Pleasure above all else. My happiness above all else. My opinions above all else. Others live to serve me above all else.

So, this young group of Christ-followers begin a church in rebellion of this belief system. They rebelled, believing that there was more to life than the pursuit of pleasure, and that happiness came from something more than sex, money and substances.

Somewhere along the way

They began to have trouble. They found themselves in conflict with each other. They began to have disputes about whose theology they agreed with, and who was their original mentor and teacher. They would say, we’ll I’m a follower of Paul. While someone else would say, “I’m a follower of Apollo.”

Now, to us, that might sound silly, but I think we can all relate to the depth of what is happening here.

We are quite skilled at finding things we can disagree on:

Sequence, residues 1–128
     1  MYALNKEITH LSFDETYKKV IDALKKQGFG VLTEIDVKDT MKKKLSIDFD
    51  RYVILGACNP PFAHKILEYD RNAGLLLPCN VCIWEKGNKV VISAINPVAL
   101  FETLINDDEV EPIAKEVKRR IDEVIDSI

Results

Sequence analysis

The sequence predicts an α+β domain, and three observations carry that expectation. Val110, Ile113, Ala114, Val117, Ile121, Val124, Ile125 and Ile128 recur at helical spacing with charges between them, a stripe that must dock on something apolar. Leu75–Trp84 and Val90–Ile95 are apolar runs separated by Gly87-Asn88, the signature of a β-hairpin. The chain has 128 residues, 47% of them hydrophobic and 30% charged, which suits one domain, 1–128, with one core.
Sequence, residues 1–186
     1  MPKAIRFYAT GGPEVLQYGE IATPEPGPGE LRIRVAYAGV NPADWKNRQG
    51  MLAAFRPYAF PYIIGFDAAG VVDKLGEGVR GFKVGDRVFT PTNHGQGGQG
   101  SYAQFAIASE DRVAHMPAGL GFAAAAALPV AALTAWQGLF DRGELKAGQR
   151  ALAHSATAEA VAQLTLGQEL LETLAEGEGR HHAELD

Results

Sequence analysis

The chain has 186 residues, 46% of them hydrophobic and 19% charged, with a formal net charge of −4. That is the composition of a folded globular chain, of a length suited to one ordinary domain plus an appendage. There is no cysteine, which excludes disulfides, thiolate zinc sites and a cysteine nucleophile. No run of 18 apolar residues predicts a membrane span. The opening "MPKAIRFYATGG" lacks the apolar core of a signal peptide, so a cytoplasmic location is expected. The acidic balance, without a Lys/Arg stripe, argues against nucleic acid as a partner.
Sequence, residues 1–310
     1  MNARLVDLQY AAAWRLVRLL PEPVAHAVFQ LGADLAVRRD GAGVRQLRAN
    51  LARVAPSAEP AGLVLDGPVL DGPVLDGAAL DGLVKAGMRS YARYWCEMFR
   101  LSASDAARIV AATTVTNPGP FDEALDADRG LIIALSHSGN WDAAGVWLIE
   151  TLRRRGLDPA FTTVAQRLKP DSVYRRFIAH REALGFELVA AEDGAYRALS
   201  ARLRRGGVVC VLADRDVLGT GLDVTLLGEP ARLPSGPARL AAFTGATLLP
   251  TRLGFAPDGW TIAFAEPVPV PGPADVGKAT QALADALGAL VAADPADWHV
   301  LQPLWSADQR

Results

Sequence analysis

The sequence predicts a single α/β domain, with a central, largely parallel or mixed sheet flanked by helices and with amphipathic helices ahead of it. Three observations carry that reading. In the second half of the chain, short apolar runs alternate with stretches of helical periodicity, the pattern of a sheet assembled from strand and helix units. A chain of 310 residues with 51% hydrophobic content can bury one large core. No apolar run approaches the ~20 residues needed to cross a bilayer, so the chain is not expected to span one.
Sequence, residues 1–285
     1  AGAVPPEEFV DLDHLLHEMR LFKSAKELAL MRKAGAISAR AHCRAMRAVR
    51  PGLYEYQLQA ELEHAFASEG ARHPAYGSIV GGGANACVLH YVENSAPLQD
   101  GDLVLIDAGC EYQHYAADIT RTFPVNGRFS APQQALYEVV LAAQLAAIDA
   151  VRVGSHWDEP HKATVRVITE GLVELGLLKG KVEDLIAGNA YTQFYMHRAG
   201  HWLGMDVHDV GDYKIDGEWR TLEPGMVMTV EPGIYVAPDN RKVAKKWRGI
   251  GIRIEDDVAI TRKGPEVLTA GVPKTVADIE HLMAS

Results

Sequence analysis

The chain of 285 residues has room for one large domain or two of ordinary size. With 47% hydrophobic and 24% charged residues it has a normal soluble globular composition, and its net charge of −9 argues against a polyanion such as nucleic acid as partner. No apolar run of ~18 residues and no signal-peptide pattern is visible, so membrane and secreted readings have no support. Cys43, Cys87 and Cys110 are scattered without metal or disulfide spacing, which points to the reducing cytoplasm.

We have Catholics, Lutherans, Nazarenes, or Baptists.

We have West-Coasters, Mid-westerners, Southerners, and Easter Coasters.

We have cardinals fans and giants fans (and A’s fans).

We have democrats and republicans

We vegans, vegetarians and carnivores.

We have wine lovers, and those who abstain.

We have the educated, the working class, and the poor.

As humans, we are so unbelievably skilled at finding ways to disagree with others, aren’t we? Honestly, I think it’s a gift. Have you ever found yourselves neck-deep in an argument (I would say debate, but that ended 10 minutes and a dozen angry words ago) and you realized in a moment of clarity, that this argument is absolutely ridiculous and has no bearing on real life?